You are here
Home > Community > Officers hone skills at annual training

Officers hone skills at annual training

SPD Training03BIG CYPRESS — As sirens blared and lights flashed, two Seminole Police Department officers drew their guns and took down a couple of felony suspects at the old bingo hall Aug. 29 in Big Cypress. Afterward, everyone at the scene discussed the apprehension, although no one was arrested.

The “crime scene” was nothing more than an SPD training class for 15 officers, who honed their skills during the annual training exercise.

Every SPD officer, from the rank of lieutenant and down, must complete at least 40 hours of training each year. They are also required to complete Florida Department of Law Enforcement mandated handgun training twice a year and have the option of earning additional certification on rifles and shotguns.

“We have to make sure the officers are at the highest level of their profession,” SPD Chief of Police William Latchford said. “A football player has to bring his ‘A’ game every time he steps on the field and it takes practice. There is no difference in law enforcement. We need to ensure we all come to work with our ‘A’ game. We provide the top level of training in the state; we have a quality training unit.”

The training included a variety of felony traffic stop scenarios where officers used bright blue training guns loaded with non-lethal training ammunition, called Simunition.

The guns weigh the same as standard weapons to simulate real scenarios.

During the exercises, every officer knew his or her role.

“It’s not an everyday thing you do, so training refreshes your skills,” said Officer Greggory Forsyth, who has served with SPD for nearly two years after a 23-year career with Hollywood Police Department. “It’s helpful because every day there is something new to be learned. You can never have enough training.”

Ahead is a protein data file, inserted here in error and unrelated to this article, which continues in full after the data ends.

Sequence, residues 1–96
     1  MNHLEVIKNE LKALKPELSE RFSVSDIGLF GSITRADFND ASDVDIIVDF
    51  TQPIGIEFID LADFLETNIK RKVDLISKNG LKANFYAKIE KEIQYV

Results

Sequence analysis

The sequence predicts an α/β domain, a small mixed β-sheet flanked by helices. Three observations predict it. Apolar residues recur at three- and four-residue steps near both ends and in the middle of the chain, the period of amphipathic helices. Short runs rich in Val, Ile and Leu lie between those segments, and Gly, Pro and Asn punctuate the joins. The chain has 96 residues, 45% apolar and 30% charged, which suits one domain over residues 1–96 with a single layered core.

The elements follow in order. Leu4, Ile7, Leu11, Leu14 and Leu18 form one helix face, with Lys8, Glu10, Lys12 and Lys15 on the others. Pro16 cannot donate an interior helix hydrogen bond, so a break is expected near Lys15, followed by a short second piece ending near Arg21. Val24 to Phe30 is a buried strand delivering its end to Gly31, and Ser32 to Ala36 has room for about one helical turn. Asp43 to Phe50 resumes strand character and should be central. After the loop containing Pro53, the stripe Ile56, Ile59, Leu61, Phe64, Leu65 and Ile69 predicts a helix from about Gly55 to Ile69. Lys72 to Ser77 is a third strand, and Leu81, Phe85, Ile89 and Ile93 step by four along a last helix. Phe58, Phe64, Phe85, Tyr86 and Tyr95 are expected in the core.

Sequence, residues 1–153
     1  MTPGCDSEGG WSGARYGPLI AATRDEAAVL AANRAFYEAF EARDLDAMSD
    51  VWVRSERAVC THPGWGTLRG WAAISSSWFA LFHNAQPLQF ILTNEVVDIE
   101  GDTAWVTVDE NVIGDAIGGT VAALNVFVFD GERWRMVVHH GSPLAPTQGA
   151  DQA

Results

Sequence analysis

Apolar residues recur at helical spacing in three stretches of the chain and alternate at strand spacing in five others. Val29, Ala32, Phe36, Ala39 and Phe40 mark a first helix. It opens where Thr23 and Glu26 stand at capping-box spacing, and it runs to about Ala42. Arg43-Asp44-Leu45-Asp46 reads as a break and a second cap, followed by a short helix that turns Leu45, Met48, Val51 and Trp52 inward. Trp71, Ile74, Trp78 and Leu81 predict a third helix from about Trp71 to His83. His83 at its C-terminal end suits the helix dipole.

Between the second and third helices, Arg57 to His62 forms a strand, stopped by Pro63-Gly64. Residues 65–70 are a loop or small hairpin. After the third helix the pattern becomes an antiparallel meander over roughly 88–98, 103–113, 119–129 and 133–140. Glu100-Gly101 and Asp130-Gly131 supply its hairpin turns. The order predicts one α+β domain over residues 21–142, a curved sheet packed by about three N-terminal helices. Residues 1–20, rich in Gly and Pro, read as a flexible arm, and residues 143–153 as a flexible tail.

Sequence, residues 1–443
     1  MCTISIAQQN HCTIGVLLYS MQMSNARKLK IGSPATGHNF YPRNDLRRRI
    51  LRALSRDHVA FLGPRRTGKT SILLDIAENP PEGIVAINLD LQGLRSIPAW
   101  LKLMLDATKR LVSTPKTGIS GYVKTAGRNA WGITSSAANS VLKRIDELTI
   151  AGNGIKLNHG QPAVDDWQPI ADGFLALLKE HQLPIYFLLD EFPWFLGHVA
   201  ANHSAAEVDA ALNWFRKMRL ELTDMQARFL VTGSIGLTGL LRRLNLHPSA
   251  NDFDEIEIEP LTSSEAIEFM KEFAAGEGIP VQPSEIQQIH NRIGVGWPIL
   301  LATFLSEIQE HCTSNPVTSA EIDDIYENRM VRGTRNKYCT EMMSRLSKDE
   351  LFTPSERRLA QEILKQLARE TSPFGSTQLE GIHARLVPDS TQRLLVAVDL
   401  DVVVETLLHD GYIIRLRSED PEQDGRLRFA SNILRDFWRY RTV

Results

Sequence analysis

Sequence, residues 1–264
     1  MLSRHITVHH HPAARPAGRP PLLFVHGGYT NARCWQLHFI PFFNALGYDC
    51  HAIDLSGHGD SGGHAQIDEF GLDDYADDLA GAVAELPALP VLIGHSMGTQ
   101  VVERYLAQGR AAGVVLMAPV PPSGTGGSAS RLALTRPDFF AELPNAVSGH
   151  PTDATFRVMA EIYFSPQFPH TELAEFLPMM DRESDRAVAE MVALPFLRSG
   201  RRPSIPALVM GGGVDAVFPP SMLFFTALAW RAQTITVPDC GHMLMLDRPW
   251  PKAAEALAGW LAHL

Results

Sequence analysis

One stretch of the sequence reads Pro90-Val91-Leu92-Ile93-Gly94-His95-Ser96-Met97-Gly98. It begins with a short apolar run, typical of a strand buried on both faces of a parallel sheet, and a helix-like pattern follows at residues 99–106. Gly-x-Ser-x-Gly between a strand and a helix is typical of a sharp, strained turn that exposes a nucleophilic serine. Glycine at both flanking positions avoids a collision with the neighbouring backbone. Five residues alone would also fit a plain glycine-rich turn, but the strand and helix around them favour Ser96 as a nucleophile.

Forsyth said working as a cop in Hollywood was about reacting to crime, while at SPD he works with the community to prevent it.

“SPD is a close-knit department and the community is too. There isn’t a lot of distance between anyone,” Officer Martin Rawls Jr. said. “SPD is community oriented and I want to give them peace of mind and a sense of security.”

Rawls joined SPD from the Broward Sheriff’s Office four months ago.

As a new recruit, the training exposed him to important situations with new colleagues.

“It was a refresher for some, but it was a useful tool in my work life every day,” Rawls said. “It gave me a better sense of urgency when approaching a situation and a better understanding of how to execute a plan with my colleagues.”

After each exercise, training officer John Huckestein gathered the group to critique the performance.

“The constructive criticism is helpful,” Forsyth said. “There are things you don’t see but other people see during the incident. Training helps you with making decisions and you will react in a safe way.”

“Training was useful, exciting and I’d like to do it again soon,” Rawls added. “Repetition is always the key to great success.”

 

Please follow and like us:
Read Offline:
Beverly Bidney
Beverly Bidney has been a reporter and photographer for The Seminole Tribune since 2012. During her career, she has worked at various newspapers around the country including the Muskogee Phoenix in Oklahoma, Miami Herald, Associated Press, USA Today and other publications nationwide. A NAJA award winning journalist, she has covered just about everything over the years and is an advocate for a strong press. Contact her at beverlybidney@semtribe.com.
Top